Fate (AKA Wizards of the Coast) has placed a review copy of the Deck of Many Things and the DnD Book of Many Things in my hands. This TTRPG bundle aims to change the destiny of Dungeon Masters everywhere, altering the chaotic power of the famous deck and offering new ways to wield it.
And the results resemble a sky full of stars – sparkling in places, but empty-feeling in others. As the DnD 2023 release schedule draws to a close, here are my complete thoughts on the Deck of Many Things and its accompanying DnD books.
The Deck of Many Things
Before I talk about the books in the bundle, let’s take a look at their companion product, a new version of the Deck of Many Things. This deck of cards reprints the original 22 cards from the well-known 5e magic item, and it adds 44 new cards known as ‘The Deck of Many More Things’. The aim here is to provide a deck DMs can tailor to their preferences.
The original Deck of Many Things was known for derailing many DnD campaigns, and the new deck has caused similar havoc with Wizards of the Coast’s shipment plans. On October 28, Wizards announced it was delaying the physical release of both the Deck and Book of Many Things due to manufacturing issues.
I received two copies of the Deck of Many Things for our review, and both had such issues. Cards bend in different directions, meaning the decks don’t lay flat on the table. The art in many cards isn’t properly centered, and card borders often aren’t straight. Additionally, one deck was entirely missing a single card.
Wizards of the Coast has already announced its plans to rectify these production errors (and even I’m getting sent a replacement). Because of this, it felt important to acknowledge the deck’s production issues, but they haven’t been factored into the review’s final score. Once I’ve received my replacement, I’ll update this review to better reflect the state of the deck.
The Book of Many Things
The Book of Many Things is a sourcebook filled with lore, adventure hooks, DnD monsters, magic items, star signs, traps, dungeons, and DnD backgrounds – all themed around the Deck of Many Things. It’s split into 22 chapters, each of which also provides advice on how to use the deck’s original cards.
Along with the Book of Many Things, the product bundle features a Deck of Many Things card reference guide. This instructs players on using the deck to create fortune readings and adventure spreads that can be used as DnD encounter builders.
Who is the Deck of Many Things bundle for?
The Book of Many Things offers very few mechanics for D&D players, with no new content for DnD classes or DnD races. It does offer plenty of roleplaying prompts and a handful of 5e feats and backgrounds, but the remaining content is mainly aimed at Dungeon Masters.
This is also a book for DMs who aren’t afraid of a bit of DnD homebrew. The Book of Many Things provides plenty of material for a deck-themed campaign (including a few pre-written dungeons), but the majority of the writing will be up to you.
Is the Deck of Many Things bundle good or bad?
The Book of Many Things and the card reference guide are stuffed with a range of content, but it’s hit and miss in terms of quality.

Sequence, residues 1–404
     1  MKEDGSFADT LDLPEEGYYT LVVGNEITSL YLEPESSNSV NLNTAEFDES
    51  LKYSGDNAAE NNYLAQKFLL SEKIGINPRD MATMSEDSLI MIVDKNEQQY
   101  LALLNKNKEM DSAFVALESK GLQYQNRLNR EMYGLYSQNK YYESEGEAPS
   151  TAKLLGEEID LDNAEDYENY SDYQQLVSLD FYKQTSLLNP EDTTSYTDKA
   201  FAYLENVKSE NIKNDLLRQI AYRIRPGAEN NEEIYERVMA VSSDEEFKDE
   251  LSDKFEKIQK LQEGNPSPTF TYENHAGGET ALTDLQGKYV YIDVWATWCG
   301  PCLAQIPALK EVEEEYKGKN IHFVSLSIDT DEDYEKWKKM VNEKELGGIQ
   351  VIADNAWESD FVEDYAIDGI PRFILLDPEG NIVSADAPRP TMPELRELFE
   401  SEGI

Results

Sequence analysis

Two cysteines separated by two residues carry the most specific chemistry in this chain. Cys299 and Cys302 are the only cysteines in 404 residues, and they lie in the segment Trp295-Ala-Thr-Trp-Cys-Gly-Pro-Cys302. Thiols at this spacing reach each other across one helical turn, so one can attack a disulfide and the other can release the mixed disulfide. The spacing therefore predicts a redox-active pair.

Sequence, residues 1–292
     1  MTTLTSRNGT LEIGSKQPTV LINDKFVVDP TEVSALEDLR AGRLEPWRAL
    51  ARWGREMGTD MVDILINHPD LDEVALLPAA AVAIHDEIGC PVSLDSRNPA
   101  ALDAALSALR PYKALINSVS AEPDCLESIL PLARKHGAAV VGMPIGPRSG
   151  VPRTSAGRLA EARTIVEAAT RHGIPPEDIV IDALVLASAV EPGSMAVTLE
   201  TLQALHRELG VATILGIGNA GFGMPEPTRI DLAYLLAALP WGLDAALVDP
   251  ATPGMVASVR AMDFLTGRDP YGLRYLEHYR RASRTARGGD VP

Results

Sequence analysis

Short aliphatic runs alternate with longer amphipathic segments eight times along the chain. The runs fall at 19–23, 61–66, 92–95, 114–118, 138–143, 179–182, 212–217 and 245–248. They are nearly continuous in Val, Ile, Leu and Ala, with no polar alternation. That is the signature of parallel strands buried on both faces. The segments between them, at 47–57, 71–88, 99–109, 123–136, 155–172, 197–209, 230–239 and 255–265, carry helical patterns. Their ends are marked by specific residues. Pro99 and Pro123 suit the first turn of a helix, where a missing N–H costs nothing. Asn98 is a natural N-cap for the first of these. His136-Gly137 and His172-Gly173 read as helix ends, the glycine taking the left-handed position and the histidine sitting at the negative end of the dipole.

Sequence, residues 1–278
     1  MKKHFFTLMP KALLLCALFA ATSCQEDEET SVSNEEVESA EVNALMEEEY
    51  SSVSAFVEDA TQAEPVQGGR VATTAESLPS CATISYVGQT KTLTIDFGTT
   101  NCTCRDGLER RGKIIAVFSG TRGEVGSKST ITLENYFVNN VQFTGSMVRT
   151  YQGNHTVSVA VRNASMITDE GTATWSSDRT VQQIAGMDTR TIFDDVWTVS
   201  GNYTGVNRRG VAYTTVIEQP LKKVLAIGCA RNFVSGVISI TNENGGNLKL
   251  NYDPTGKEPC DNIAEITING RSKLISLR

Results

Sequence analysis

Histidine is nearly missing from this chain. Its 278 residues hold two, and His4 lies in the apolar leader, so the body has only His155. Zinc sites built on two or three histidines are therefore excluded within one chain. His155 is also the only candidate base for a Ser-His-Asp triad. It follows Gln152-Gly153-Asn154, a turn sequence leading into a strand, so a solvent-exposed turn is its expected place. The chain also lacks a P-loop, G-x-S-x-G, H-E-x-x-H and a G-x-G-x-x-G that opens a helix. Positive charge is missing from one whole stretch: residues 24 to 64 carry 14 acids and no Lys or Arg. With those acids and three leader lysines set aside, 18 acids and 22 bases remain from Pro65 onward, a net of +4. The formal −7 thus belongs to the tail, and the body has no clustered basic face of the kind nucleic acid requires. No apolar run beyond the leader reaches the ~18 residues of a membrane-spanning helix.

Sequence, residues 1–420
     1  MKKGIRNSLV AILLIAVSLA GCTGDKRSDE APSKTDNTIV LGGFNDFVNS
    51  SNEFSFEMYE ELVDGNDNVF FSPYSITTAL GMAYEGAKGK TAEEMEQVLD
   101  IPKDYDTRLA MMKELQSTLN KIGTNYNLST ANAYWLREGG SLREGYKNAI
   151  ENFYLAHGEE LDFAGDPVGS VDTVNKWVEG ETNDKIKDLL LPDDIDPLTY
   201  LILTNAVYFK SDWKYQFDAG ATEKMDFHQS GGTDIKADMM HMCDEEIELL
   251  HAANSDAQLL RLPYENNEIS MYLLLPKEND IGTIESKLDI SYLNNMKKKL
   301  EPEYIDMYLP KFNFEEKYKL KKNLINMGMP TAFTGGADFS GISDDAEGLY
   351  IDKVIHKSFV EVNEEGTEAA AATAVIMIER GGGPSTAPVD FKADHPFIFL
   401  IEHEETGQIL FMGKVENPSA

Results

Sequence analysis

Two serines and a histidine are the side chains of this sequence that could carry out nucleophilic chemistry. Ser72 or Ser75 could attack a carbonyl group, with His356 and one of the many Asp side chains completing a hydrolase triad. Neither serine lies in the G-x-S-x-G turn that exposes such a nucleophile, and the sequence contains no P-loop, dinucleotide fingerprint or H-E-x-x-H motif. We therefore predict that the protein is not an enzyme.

There’s a lot to love in both books. The deck can now be used to generate NPCs, player-characters, random journey encounters, in-game benefits, or entire adventures – and each method feels innovative and useful. Each new card has a fairly mundane benefit, but this balances out the more chaotic cards from the original Deck of Many Things.
Many dungeons, feats, items, and organizations offer interesting prompts to get a DM’s creative gears whirring. It’s just a shame this inspiration isn’t consistent. For every excellent DnD one shot idea or character backstory, there’s a shallow encounter or a mundane magic item.
Repetition is a major issue in the Book of Many Things. With so many items and encounters themed around a limited set of cards, similar mechanics and motifs appear endlessly. Basing a book on the Deck of Many Things is an intriguing idea, but the concept can only stretch so far.
The book is a well of potential ideas for a DM, and I’d be keen to see more books of this style from Wizards of the Coast. However, I’m skeptical of its success as a practical reference book. If I needed to find specific information during the game, the book’s layout would be more hindrance than help.
Key information for using the deck is spread across the bundle’s two books, organized by theme rather than function. The mechanical effects of the original Deck of Many Things aren’t clearly mentioned in the book – and for ease of reference, I’d have liked these to have been reprinted, even if they’re already in the Dungeon Master’s Guide.
Thanks to the physical Deck of Many Things, this is a Dungeons and Dragons product with an above-average price tag of $110 (£110). If you specifically want to create a campaign based on the Deck of Many Things, I’d say there’s enough value for money here to justify the cost. But if you only have a casual interest in what the deck can do, the inconsistent quality of the bundle may mean it’s not for you.
The new Deck of Many Things is a unique storytelling tool, and its accompanying books offer a range of interesting and innovative ways to use it in your campaign. However, not every star in the Sky of Many Things shines brightly, with repetitive and shallow content occasionally standing out.